German industrial output slumps in June
German industrial output fell 1.1 percent in June from May largely because of a slump in construction, provisional figures showed Friday as markets fretted about the chances of an economic downturn.
May showed a gain of 0.9 percent but this was revised lower from the economy ministry's initial estimate of 1.2 percent.
Industrial production in the biggest European economy grew by 2.0 percent for the second quarter as a whole, the ministry said, adding that several holidays and long weekends were a factor in June's decline.
Analysts polled by Dow Jones Newswires had expected output to remain stable in the month.
Looking at sectors as a whole, construction activity lost a hefty 4.5 percent and manufacturing was 0.9 percent lower while energy output gained 0.7 percent on the month.
The news will do little to soothe financial markets that have been unsettled by concerns that another global recession is in the offing as a result of debt crises in Europe and the United States.
"For a long while, the German economy seemed to be immune against all kind of threats," ING senior economist Carsten Brzeski commented.
But effects from the eurozone debt crisis are showing up in the wider economy and "strong German growth should not be taken for granted," he noted.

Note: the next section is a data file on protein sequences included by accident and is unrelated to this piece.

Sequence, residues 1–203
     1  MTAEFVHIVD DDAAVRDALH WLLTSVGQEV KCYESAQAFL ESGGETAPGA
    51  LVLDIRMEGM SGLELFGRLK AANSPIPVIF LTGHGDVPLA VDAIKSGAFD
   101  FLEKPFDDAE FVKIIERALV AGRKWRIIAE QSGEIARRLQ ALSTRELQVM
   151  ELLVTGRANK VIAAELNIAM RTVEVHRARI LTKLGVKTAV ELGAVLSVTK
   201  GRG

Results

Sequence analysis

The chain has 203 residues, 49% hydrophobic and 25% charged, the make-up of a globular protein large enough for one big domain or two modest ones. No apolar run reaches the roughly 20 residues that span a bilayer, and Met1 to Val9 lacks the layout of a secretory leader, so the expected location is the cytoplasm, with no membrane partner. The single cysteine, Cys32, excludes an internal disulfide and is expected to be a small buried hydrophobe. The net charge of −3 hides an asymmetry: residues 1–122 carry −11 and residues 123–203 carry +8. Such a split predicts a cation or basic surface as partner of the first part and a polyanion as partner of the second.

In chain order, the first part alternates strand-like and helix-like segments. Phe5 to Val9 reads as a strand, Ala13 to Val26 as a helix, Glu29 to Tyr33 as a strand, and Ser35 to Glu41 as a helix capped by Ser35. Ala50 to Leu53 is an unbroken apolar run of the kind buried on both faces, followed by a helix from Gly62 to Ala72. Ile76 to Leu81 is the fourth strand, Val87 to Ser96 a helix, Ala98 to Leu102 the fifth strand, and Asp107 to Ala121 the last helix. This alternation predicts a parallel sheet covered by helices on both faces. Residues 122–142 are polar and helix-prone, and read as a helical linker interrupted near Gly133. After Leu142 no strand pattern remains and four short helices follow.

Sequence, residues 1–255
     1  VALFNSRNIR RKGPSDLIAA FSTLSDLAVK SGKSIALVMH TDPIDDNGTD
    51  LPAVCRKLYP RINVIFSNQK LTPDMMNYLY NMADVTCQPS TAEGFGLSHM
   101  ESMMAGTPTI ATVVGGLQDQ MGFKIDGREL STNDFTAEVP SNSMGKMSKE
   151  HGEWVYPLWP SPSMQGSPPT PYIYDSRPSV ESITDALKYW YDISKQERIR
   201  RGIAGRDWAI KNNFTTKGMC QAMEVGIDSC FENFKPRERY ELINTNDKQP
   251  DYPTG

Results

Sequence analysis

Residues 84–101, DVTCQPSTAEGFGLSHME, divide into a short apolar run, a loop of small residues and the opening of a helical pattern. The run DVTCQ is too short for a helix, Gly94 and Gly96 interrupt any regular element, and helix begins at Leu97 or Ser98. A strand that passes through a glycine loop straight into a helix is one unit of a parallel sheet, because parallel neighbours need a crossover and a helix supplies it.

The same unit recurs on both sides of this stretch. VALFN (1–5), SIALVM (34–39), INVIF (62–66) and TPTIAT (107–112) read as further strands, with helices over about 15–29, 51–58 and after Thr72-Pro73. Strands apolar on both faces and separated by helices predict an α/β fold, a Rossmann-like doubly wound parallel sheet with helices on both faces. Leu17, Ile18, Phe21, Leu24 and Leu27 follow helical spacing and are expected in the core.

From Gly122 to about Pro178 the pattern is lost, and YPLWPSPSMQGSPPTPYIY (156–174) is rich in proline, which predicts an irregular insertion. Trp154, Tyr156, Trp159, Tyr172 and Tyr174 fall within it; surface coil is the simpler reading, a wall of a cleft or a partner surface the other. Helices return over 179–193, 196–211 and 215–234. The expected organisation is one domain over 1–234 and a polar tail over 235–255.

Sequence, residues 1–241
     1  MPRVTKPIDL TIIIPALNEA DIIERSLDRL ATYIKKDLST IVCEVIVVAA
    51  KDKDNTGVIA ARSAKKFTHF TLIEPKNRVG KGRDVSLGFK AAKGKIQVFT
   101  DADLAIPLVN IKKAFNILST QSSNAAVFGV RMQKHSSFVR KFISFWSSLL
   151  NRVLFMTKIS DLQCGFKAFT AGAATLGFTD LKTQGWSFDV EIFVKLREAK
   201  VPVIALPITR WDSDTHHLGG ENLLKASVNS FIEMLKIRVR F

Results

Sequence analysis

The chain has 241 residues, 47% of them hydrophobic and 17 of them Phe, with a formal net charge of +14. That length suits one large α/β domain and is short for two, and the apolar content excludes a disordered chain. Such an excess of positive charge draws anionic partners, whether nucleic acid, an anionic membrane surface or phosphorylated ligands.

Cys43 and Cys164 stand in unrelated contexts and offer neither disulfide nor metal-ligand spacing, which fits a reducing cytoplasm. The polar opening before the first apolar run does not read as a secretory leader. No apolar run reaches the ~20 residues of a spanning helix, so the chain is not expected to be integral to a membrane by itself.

A breakdown of the ministry's numbers showed the largest decline was in durable consumer goods like home appliances, with output down 6.3 percent.
A small gain of 0.3 percent was notched up by intermediate goods, which are used to provide finished products or services.
On Thursday, economy ministry figures showed that orders for German industrial goods climbed 1.8 percent in June, defying a forecast fall of 1.2 percent owing to bulk orders from abroad, in particular from other eurozone countries.
That should provide "a cushion to industrial production until the end of the year," Berenberg Bank senior economist Christian Schulz said.
Chancellor Angela Merkel has forecast German economic growth this year on a comparable level with that of 2010, when activity expanded by 3.6 percent.
The Bundesbank central bank expects growth of 3.1 percent, while the International Monetary Fund sees 3.2 percent.
© 2011 AFP